Peanut is indeterminate in growth habit and determining when the highest percentage of peanut pods is at optimum maturity is challenging. The decision to dig peanut can have a tremendous impact on pod yield and market grade characteristics (Jordan et al., 1998; Mozingo et al., 1991; Sholar et al., 1995). Although response can be variable and is dependant upon many factors, digging peanut as little as 1 wk prior to or 1 wk following optimum maturity can result in substantial reductions in pod yield (Jordan et al., 1998). Edaphic and environmental conditions combined with other management constraints at the farm level contribute to grower anxiety over when to dig. Poor plant condition and pod shedding associated with disease are also considered in digging decisions (Sholar et al., 1995).
The hull scrape method originally developed for runner market types has proven effective in helping growers predict optimum maturity (Williams and Drexler, 1981). Recently, a peanut maturity profile chart was developed for virginia market types grown in the Virginia-Carolina production region (Jordan et al., 2005). In addition to providing estimates of optimum digging date based on mesocarp color, this new chart provides recommendations on how to consider the role of disease incidence, freeze potential, and practicality of heat unit accumulation in digging decisions (Jordan et al., 2005).
Disease management is critical in optimizing yield and quality of peanut. Peanut growers in the United States use a range of tactics to control disease, including host-plant resistance and application of fungicides (Sherwood et al., 1995). Early leaf spot (caused by Cercospora arachidicola Hori), late leaf spot [caused by Cercosporidium personatum (Berk. & M.A. Curtis) Deighton syn. Phaeoisariopsis personata von Arx], and web blotch (caused by Phoma arachidicola Marasas, Pauer, and Boerema) are the most prevalent foliar diseases in peanut in North Carolina (Shew, 2007). Biweekly fungicide applications or applications according to a weather-based advisory are effective in controlling these diseases.
Yield loss from foliar diseases is associated with defoliation and subsequent shedding of pods (Aquino et al., 1992; Backman and Crawford, 1984; Johnson et al., 1986; Nutter and Littrell, 1996; Pixley et al., 1990). Disease control with fungicides is critical in maintaining sufficient foliage to allow continued pod development, maturation, and peg strength. In spite of regular fungicide applications, some fields may experience high levels of defoliation in September and October. Defoliation from foliar diseases can be a particular problem in wet years when growers may be unable to make timely fungicide applications or when fungicides are washed from leaves after heavy rains. Consequently, growers must balance the decision of whether to delay digging to optimize maturity with concerns that defoliation will result in pod shedding if the crop remains in the field. Although considerable research has been conducted to determine the relationships among digging date, pod yield, and market grade when disease is controlled, research addressing interactions of digging date and canopy defoliation is limited (Nutter and Littrell, 1995).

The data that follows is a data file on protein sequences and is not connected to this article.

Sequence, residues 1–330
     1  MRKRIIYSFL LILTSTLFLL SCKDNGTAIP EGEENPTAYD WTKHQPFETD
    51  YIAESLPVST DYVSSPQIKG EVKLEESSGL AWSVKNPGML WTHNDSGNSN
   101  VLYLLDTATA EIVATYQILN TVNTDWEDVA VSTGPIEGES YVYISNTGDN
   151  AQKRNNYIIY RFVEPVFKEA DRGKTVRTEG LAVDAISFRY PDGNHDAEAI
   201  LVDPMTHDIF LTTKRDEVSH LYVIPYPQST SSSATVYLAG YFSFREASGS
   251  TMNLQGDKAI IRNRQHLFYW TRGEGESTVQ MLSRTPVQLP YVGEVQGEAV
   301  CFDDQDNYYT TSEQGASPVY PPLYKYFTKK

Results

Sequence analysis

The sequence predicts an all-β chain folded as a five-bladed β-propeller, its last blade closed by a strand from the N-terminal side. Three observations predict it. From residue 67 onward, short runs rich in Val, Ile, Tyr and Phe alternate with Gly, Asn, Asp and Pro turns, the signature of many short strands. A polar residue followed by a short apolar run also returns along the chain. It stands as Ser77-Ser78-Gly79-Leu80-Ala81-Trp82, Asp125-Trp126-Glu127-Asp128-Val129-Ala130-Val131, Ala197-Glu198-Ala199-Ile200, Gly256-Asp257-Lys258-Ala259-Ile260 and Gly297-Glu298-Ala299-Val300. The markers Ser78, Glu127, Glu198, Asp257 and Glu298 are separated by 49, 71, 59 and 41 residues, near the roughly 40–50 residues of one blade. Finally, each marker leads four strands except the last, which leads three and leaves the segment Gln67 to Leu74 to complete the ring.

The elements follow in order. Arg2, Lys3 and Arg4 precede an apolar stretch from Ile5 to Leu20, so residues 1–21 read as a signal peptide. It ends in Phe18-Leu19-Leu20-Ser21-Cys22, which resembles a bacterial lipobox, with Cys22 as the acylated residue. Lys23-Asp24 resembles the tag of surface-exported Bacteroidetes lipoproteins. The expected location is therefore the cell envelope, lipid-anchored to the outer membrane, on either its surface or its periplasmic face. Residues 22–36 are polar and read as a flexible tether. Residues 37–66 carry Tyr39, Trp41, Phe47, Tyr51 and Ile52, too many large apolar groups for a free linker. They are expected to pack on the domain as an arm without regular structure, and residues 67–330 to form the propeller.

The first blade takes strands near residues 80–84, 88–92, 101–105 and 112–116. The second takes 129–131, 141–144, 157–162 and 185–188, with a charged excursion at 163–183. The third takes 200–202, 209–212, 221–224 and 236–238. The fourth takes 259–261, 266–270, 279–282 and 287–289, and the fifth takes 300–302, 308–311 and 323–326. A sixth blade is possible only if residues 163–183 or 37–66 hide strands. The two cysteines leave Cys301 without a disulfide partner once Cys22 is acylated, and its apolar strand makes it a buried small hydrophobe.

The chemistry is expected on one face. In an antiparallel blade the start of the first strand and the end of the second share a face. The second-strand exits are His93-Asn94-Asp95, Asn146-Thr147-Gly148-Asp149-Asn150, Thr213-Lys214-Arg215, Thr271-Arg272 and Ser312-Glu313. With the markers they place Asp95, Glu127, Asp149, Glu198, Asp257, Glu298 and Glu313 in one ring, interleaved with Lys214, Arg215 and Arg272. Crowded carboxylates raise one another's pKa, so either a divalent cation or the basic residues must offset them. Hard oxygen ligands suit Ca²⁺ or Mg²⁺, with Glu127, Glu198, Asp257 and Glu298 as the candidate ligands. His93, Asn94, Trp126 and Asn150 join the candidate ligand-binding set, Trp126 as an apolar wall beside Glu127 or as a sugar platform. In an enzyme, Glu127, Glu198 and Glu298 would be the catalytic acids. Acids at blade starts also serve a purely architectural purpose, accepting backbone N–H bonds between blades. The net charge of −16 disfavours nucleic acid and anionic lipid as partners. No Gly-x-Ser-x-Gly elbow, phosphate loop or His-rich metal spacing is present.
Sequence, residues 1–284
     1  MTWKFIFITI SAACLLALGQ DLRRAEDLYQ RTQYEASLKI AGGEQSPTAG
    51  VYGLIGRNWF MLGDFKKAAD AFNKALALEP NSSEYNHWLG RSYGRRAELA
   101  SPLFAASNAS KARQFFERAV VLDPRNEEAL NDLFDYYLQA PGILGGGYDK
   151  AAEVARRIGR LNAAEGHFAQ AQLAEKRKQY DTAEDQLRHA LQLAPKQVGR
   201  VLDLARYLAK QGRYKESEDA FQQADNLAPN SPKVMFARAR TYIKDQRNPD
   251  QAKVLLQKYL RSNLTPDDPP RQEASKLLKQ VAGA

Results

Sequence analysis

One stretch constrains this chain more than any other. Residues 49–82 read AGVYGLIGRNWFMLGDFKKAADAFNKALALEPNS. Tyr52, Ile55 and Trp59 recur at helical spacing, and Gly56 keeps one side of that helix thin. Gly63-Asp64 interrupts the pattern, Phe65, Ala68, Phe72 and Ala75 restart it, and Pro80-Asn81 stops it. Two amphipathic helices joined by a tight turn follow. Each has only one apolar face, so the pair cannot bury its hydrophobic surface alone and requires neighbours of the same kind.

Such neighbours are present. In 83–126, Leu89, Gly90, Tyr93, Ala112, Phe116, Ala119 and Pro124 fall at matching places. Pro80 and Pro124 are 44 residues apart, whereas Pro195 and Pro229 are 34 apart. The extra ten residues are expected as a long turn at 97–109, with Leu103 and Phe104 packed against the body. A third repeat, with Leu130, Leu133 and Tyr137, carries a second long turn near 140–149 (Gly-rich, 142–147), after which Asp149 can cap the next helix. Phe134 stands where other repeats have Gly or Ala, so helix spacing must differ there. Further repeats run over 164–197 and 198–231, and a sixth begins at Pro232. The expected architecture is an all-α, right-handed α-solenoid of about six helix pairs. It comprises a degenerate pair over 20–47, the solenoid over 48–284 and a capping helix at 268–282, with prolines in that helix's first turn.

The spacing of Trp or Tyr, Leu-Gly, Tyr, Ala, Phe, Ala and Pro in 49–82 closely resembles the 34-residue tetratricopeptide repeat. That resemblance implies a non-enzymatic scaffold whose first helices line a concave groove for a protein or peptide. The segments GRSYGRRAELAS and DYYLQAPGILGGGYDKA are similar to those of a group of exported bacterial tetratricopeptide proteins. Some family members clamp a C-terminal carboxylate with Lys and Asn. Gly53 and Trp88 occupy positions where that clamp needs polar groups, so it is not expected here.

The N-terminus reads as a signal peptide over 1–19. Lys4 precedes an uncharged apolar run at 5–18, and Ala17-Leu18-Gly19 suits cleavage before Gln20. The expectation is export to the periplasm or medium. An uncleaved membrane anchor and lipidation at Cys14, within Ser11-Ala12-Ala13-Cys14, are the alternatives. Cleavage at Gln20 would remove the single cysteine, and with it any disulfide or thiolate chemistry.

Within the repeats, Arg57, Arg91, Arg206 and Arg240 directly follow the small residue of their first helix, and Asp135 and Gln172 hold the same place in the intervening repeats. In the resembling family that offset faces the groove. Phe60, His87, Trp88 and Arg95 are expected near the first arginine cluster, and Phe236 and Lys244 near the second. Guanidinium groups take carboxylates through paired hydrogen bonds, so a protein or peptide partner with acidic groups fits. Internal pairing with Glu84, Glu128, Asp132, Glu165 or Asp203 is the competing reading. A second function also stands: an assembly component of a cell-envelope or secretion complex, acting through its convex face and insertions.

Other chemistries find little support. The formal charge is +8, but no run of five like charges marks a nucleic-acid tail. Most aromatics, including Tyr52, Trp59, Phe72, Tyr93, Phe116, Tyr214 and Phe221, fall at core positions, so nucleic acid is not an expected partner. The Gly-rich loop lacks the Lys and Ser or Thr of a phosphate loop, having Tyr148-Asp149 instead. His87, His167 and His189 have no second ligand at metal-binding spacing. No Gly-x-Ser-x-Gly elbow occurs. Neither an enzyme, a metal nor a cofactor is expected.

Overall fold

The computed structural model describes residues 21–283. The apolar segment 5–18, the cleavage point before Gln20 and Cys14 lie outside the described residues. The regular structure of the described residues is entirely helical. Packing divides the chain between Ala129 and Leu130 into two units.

Varying fungicide rates and application intervals have been used as techniques to determine relationships between canopy defoliation and pod yield of runner market type peanut (Bowen et al., 1997). Backman and Crawford (1984) found that for every 1% increase in canopy defoliation within 2 to 3 weeks of optimum digging, there was yield loss of approximately 57 kg/ha when optimum yield was approximately 4400 kg/ha. Yield loss has been related to canopy reflectance at 800 nm in several studies (Aquino et al., 1992; Nutter et al., 1990; Nutter and Littrell, 1996; Pixley et al., 1990), but the exact relationship varied among fields. Yield loss relationships have been less frequently characterized for virginia market-type cultivars. Johnson and Beute (1986) reported increasing yield and value for the cultivars Florigiant and NC 5 with increasing rates of chlorothalonil application, but did not explicitly develop yield loss equations. Yield potential of fungicide-treated peanut probably has increased since the 1980's due to the greater efficacy of modern fungicides. Thus, yield loss relationships in modern virginia market-type cultivars need better definition under current production conditions.
The level of canopy defoliation at which yield loss from pod shedding would offset expected yield gains from digging at optimum maturity was not addressed in earlier studies. Determining if digging prior to optimum maturity offsets pod loss due to defoliation and disease is critical for peanut growers and their advisors. Therefore, the objectives of this research were to determine relationships among canopy defoliation, yield, and crop maturity in peanut, and to determine whether peanut should be dug prior to optimum pod maturity when high levels of defoliation are present.